Canon has a new version of their geek oriented point-and-shoot camera, the Canon PowerShot S100. My S90 essentially replaced my DSLR for walking around. The S100 is great; see this review. The cool new feature in the S100 is a built-in GPS for geotagging photos. I've tried to map my photos for years but without GPS in the camera it's been a hassle. Here's some notes on how the S100 GPS works.

The GPS antenna is in the top of the camera, above the lens. It's GPS only, no cell or wifi location, so it needs a view of the sky and won't work inside. There's three software GPS modes: entirely off, on when taking photos, or GPS tracking even when the camera is off. A warm start seems to find a position fix in 5–40 seconds. GPS location is written into EXIF tags in the photo and both Lightroom and Flickr understand the GPS format perfectly. There's no dedicated camera display of GPS data although you can see photos' locations in the viewer.

Digging deeper, exiv2 identifies 12 GPS tags in the JPEG and CR2 photo files. GPSVersionID is, there's lat/lon, altitude MSL (geoid corrected), timestamp, and minimal GPS status. Unfortunately location accuracy doesn't seem to be logged in the EXIF.

The GPS tracker is a nice bonus feature, I could see it being useful to document a photoshoot (although one wonders about battery life). Tracks are in standard NMEA format as a text file on the SD card. One fix is logged every 65-90 seconds. Each fix is logged both as GPGGA and GPRMC, basic position data. GPGGA includes HDOP and number of satellites and GPRMC includes speed and track. Note that as documented, the camera won't write GPS tracks to an Eye-Fi card but a standard SD card is no problem. Here's a sample log of me walking to lunch, see it mapped here. The track the S100 recorded is roughly accurate but missed logging my actual destination; compare to my AMOD dedicated tracker for the same walk. I'm pleased the S100 was able to log even when in my leather camera case on my belt.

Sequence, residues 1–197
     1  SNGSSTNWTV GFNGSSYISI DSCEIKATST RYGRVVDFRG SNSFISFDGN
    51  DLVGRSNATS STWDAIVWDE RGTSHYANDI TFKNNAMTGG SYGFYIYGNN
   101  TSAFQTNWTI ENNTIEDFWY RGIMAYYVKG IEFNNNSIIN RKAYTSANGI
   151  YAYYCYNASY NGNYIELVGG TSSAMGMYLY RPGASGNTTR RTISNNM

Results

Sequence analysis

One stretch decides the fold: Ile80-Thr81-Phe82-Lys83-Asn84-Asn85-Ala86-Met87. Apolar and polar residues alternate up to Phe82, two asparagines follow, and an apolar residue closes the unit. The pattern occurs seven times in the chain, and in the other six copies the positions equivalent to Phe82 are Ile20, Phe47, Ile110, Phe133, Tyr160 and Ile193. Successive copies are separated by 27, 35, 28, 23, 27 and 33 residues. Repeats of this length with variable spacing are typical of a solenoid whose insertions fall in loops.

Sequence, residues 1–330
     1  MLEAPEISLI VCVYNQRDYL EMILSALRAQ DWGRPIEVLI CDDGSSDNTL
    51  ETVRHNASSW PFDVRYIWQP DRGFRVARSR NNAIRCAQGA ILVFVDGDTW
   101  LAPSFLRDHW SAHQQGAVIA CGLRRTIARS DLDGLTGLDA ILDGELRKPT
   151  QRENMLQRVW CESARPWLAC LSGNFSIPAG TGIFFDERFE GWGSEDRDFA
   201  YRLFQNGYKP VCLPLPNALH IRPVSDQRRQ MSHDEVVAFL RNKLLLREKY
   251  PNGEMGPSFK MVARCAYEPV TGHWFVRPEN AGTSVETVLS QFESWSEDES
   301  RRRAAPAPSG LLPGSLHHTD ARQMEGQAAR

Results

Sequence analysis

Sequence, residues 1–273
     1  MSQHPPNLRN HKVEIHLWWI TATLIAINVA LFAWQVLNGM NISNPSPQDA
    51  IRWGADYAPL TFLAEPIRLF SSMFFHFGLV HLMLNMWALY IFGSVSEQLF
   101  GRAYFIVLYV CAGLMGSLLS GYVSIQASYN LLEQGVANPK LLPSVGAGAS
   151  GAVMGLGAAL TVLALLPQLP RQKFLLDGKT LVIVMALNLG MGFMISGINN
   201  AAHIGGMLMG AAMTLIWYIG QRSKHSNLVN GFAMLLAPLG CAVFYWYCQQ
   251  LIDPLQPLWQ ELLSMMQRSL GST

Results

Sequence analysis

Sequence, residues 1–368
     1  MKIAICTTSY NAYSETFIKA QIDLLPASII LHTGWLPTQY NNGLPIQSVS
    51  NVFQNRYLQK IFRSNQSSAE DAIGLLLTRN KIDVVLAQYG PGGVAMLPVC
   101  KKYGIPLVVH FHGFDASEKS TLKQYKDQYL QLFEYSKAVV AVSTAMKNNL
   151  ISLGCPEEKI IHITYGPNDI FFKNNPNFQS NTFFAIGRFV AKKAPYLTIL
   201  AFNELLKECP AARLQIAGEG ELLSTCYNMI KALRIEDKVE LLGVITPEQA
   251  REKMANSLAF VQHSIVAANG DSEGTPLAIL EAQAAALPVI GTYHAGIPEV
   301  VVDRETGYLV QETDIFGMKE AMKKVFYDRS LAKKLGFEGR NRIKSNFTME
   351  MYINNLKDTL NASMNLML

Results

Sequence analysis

The S100's GPS is a great addition to a great camera. It's not going to replace a serious GPS for navigation or technical measurements. But it's good enough for photos and terrific at making it easy to remember where you took your outdoor pictures.

Update: after a recent tourist trip to France I'm a little less excited about the GPS. It doesn't acquire position very quickly if you mostly keep the camera off, particularly for the first photos of the day. About 40% of my photos ended up without GPS coordinates logged, and that was after I was conscientious to stand around a minute or two letting the thing find position.
  2012-03-20 22:40 Z